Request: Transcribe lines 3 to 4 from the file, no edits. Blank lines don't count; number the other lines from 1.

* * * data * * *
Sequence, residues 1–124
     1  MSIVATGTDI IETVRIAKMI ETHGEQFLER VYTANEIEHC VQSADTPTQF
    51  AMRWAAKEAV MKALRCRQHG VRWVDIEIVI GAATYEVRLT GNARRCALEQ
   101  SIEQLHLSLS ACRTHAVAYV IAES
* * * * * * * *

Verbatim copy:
    51  AMRWAAKEAV MKALRCRQHG VRWVDIEIVI GAATYEVRLT GNARRCALEQ
   101  SIEQLHLSLS ACRTHAVAYV IAES